The US is awash with pumpkin spice everything during Halloween. But when did this craze start and is it is here to stay?
It's hard to escape America's love affair with Halloween, with pumpkins proudly paraded in windows, homes covered in spider webs, and ghoulish fancy dress outfits and grisly confectionery on sale in shops.
But the last few years has also seen an explosion of pumpkin-spice products.
There are pumpkin donuts, bagels, muffins and hamburgers and chips. Pumpkin-spice beers and liqueurs are beverage options. Pumpkin-spice yogurts, salty snacks, almonds and cheese are on offer.
More bizarre pumpkin products - such as dog treats and toothpaste - are also available.
The US pumpkin-spice trend is bigger than ever, according to Nielson. It says sales of pumpkin products have grown by 79% since 2011, totalling $361m (£233m) in the year ending 25 July, compared with $201m (£130m) five years ago.
And nearly 40% of consumers purchased a pumpkin-flavoured item last year.
Commentators have made fun of American's commercialisation of pumpkins.
Pumpkin spice also divides Americans, with many dismissing those that buy into the craze as "basic".
But the pumpkin-spice paraphernalia shows no sign of abating.
Nostalgia, clever marketing, media coverage and hype by companies such as Starbucks, Dunkin Donuts and Hallmark led to people believing they like this spice mix, according to Kantha Shelke, a food scientist and spokesperson for the Institute of Food Technologists.
"Pumpkin is not a favourite food. Children and many adults often avoid pumpkin as they do rutabagas and some root vegetables," she says.
"But many of us believe we should be happier (and nicer and more giving) during the holidays and pumpkin-spice products are just one of those things - like juniper and pine and wood burning stoves and fireplaces - that can change our frame of mind."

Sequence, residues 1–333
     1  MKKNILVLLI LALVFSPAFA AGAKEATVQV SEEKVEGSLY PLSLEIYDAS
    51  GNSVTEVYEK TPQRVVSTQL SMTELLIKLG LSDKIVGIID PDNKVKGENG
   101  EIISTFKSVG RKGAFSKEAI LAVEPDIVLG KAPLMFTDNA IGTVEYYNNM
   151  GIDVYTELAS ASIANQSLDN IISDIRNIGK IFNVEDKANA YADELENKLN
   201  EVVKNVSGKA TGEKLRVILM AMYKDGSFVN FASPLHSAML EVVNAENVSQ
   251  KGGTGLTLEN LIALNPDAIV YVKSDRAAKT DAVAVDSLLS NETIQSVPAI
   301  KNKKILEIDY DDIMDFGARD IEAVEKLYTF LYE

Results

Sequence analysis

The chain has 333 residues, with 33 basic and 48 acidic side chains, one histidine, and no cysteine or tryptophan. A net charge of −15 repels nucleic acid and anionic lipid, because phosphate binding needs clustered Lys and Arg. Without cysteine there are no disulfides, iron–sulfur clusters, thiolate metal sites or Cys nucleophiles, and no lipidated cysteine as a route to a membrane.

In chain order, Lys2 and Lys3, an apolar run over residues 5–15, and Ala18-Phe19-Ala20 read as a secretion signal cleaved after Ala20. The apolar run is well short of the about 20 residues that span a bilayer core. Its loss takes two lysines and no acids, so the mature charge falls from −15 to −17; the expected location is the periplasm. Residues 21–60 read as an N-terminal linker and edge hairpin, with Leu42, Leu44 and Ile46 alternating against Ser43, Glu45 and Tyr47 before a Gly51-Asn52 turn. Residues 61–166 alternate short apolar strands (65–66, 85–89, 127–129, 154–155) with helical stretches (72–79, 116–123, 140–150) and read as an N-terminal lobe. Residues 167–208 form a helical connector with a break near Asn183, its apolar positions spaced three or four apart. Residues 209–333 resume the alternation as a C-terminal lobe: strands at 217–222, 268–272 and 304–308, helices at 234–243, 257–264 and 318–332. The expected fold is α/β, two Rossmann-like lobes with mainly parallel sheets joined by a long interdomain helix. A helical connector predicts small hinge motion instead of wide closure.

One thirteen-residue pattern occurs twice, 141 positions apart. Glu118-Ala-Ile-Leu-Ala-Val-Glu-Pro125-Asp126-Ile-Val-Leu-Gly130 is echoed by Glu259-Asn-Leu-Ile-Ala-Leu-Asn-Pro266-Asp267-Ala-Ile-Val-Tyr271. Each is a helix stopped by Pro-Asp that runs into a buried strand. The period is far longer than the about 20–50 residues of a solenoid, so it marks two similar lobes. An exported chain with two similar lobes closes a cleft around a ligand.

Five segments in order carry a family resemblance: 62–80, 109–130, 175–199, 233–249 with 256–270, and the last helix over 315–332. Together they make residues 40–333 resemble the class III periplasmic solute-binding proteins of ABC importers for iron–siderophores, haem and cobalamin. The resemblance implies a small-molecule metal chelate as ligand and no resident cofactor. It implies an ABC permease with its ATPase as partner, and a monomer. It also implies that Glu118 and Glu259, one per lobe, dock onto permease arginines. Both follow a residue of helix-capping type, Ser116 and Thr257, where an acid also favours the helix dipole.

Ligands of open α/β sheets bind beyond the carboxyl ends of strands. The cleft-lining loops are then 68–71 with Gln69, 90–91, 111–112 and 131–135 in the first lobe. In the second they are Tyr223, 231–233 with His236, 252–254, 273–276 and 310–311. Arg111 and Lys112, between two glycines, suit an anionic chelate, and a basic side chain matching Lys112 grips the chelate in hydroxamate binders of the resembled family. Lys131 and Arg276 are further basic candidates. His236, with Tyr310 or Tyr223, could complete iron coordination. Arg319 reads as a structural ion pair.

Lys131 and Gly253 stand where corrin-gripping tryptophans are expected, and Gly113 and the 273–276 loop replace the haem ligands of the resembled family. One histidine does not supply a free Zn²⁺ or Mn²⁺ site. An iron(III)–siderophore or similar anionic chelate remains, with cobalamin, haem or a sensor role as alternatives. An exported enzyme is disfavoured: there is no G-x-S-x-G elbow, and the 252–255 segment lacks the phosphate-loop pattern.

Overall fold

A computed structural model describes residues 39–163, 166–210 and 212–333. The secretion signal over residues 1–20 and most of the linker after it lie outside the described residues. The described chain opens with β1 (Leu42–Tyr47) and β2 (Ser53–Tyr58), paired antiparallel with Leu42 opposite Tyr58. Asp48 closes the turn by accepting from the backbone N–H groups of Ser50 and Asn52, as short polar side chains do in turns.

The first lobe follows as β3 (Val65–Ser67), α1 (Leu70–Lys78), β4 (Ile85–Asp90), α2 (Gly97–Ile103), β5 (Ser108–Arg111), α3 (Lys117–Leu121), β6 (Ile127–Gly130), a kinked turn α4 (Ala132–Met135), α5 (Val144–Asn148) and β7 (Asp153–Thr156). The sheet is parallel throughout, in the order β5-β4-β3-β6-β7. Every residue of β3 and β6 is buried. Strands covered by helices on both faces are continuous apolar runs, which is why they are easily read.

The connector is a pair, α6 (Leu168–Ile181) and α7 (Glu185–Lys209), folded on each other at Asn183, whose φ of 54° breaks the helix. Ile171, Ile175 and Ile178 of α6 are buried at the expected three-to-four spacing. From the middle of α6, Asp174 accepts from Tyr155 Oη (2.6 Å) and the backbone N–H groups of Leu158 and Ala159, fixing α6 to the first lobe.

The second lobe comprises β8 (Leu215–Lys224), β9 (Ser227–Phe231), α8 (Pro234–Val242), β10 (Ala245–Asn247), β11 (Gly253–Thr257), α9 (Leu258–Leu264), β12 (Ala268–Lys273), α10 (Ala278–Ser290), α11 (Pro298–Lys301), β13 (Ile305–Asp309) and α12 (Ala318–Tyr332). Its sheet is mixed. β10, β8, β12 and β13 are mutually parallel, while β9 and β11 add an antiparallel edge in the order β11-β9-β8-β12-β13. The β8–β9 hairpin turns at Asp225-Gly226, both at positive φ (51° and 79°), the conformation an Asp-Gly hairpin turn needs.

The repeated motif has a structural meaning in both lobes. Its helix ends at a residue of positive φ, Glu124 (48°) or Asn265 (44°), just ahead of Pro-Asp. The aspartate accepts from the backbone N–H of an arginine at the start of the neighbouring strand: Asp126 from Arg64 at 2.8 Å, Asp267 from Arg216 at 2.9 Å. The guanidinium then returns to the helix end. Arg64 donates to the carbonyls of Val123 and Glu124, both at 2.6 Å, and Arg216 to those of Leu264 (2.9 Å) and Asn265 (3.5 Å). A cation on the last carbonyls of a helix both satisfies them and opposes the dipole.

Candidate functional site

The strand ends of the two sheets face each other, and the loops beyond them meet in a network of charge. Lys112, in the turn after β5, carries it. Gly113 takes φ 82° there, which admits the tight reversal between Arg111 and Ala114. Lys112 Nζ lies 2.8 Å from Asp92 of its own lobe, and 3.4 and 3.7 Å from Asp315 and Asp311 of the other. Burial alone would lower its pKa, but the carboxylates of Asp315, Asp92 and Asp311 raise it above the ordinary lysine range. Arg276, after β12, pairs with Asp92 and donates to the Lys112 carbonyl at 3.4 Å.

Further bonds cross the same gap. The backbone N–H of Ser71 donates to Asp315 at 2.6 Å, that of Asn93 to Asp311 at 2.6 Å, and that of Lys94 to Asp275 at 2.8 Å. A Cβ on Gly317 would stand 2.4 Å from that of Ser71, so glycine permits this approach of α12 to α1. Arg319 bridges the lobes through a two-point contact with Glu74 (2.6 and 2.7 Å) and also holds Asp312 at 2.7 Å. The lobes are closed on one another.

Starbucks is frequently credited with skyrocketing the trend with its pumpkin spice latte back in 2003.
The company only added "real" pumpkin to its pumpkin spice latte earlier this year. Even now, it contains 2% or less of fruit and vegetable juice, according to its website.
"What coffee connoisseur wants a shot of pumpkin puree in their coffee? Pumpkin puree is largely water, with some fibre and very little taste, which comes from the way it is cooked - boiled, broiled, roasted, etc - and with what else it is cooked - butter, sugar, cream, marshmallows, spices, etc," Shelke says.
Pumpkin spice mix is made of cinnamon, cloves, dried ginger and sometimes nutmeg and other spices.
The flavour of pumpkin spice isn't pumpkin, or the spices added to typical baked pumpkin dishes or beverages, but due to the combined effect of the spices when baked or brewed, according to Shelke.
Food historian Dr Megan Elias says Americans have used spicing that comes from Medieval European culinary traditions to add flavour to pumpkins for years.
"Most people couldn't afford those spices regularly till the 20th century, so spiced pies and cakes were holiday fare. Pumpkin is a late fall crop, so it ends up at Thanksgiving. The trend is very new but the spicing combination is very old," she says.
Mace was usually included in the spices, she adds, citing a recipe from Amelia Simmons' 1798 cookbook, which is often considered America's first cookbook.
So it could be argued that it's odd that it has taken so long for pumpkin-spice products to become so widespread.
The hottest sellers on the pumpkin market are more established products, such as pie filling ($134m / £86m in sales last year), pumpkin cream ($47m / £30m) and pumpkin coffee ($32m / £20m), according to Nielson.
But pumpkin dog food sales fetched $12m (£7.7m), and milk $5m (£3.2m).
The proliferation of pumpkin spice hasn't done much for actual pumpkins, however. Fresh pumpkin sales dropped in 2011, 2013 and 2014, Nielson says.
Elisa says history suggests pumpkin-spice products are here to stay - and might become available all year.
"Hazelnut coffee and 'French vanilla' creamer both became ordinary. Another flavour that had a sudden surge is pineapple in the 1950s, but that was the fresh fruit, not synthetic. Also bubblegum flavour in the 1980s," she says.
Shelke cites pomegranate as another flavour that suddenly surged in popularity but has now become mainstream.
At one point, demand was so high in the US that producers and developers had to be warned not to create new pomegranate-flavoured products for a while, she says.
But pumpkin spice fans and their pups don't need to panic.
"Flavour companies use minuscule amounts of flavour compounds in pumpkin spice flavouring and such a shortage is unlikely," she says.